Amidol

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Amidol[1]
Amidol.png
Names
Preferred IUPAC name
2,4-Diaminophenol
Identifiers
3D model (JSmol)
ChemSpider
ECHA InfoCard 100.002.237
UNII
Properties
C6H8N2O
Molar mass 124.14 g/mol
Appearance Colorless solid
Melting point 78 to 80 °C (172 to 176 °F; 351 to 353 K)
Except where otherwise noted, data are given for materials in their standard state (at 25 °C [77 °F], 100 kPa).
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Infobox references

Amidol is a colorless crystalline compound with the molecular structure C6H3(NH2)2OH. It is a dihydrogen chloride salt and is used as a photographic developer. It was introduced as a developing agent for photographic papers in 1892. It is unusual amongst developing agents as it works most effectively in slightly acid conditions rather than the strongly alkaline conditions required for most other developers. As amidol ages it changes color to a dark red-brown. Developing dishes and equipment used to prepare amidol solutions are also frequently stained brown, a stain that is very persistent.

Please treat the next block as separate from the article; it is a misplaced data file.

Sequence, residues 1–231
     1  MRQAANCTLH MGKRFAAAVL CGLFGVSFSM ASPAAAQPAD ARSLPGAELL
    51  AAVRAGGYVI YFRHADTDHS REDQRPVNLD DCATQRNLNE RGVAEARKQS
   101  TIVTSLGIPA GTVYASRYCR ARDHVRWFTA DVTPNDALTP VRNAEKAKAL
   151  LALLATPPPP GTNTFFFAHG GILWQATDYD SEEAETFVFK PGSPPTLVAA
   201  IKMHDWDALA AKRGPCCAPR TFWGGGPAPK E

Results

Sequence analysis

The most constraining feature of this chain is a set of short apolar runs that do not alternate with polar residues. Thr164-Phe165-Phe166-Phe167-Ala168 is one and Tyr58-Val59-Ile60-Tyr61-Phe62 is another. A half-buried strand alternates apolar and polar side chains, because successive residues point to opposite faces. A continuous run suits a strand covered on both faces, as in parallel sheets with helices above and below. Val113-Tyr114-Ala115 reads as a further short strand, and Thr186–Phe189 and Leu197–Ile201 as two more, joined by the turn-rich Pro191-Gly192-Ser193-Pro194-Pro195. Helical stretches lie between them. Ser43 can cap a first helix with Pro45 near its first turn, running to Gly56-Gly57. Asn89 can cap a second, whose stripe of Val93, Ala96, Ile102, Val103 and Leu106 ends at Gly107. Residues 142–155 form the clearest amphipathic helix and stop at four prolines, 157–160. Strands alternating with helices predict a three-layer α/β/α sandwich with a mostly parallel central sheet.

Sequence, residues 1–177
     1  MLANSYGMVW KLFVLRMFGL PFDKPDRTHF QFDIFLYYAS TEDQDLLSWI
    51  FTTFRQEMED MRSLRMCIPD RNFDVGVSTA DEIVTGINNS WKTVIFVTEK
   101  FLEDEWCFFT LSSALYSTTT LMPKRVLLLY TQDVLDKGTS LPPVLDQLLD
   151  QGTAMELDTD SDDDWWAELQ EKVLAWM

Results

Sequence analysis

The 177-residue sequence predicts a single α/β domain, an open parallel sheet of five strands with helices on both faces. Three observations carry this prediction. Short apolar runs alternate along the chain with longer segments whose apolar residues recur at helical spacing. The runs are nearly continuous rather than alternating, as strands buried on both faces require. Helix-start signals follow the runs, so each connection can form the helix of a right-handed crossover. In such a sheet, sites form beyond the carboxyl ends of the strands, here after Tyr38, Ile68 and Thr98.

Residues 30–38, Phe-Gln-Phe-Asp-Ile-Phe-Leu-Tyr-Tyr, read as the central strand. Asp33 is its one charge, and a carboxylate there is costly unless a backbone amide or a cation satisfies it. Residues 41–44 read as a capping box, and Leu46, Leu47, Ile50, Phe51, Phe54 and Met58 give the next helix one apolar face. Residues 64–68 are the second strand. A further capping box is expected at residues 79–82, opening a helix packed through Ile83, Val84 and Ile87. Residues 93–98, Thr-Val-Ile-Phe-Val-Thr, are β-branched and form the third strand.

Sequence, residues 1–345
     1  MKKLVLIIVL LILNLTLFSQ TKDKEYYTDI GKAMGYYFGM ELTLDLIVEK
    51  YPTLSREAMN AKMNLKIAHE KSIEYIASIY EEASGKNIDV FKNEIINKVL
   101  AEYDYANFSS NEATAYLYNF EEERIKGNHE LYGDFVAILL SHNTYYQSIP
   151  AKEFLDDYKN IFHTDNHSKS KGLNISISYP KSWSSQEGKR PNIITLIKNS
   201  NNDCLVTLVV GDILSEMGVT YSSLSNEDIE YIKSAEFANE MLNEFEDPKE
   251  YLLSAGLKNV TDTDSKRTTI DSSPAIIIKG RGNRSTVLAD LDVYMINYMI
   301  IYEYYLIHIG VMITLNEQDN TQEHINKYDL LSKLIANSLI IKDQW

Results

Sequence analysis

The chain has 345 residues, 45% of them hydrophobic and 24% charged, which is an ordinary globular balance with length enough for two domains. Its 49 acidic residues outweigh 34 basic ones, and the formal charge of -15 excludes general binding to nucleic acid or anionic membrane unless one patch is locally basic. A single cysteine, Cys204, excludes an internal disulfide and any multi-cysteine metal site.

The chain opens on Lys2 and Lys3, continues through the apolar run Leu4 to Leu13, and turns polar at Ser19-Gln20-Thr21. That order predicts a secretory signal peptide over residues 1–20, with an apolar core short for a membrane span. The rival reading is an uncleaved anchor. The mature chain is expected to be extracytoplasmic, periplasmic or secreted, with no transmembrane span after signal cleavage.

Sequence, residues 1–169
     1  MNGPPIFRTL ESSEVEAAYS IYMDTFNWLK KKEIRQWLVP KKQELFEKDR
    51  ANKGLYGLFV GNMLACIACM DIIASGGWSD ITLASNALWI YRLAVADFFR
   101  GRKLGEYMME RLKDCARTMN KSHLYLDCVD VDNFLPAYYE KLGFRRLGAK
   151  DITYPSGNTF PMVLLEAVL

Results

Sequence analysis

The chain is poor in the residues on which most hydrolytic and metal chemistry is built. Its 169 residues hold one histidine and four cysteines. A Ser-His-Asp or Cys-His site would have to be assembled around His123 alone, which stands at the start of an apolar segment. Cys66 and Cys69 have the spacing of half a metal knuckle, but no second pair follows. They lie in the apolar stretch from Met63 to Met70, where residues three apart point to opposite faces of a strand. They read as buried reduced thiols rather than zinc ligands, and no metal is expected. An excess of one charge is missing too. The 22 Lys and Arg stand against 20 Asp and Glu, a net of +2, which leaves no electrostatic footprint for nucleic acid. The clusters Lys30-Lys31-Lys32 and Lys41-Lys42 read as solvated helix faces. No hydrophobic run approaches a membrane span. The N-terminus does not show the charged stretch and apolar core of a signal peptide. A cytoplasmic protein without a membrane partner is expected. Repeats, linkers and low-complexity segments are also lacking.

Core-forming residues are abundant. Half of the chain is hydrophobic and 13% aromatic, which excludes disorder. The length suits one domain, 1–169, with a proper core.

Prints developed in amidol are typically a very warm brown-black colour, but overdevelopment can quickly lead to chemical fogging.

Amidol's color change upon oxidation is used to advantage as a convenient colorimetric method for measuring the dissolved oxygen concentration in water supplies, rivers, etc.[2]

References[edit]

  1. ^ Merck Index, 11th Edition, 2961.
  2. ^ Westfall and Ellis, Determination of Water Quality, U.S. Govt. Printing Office (1848), [1] p.21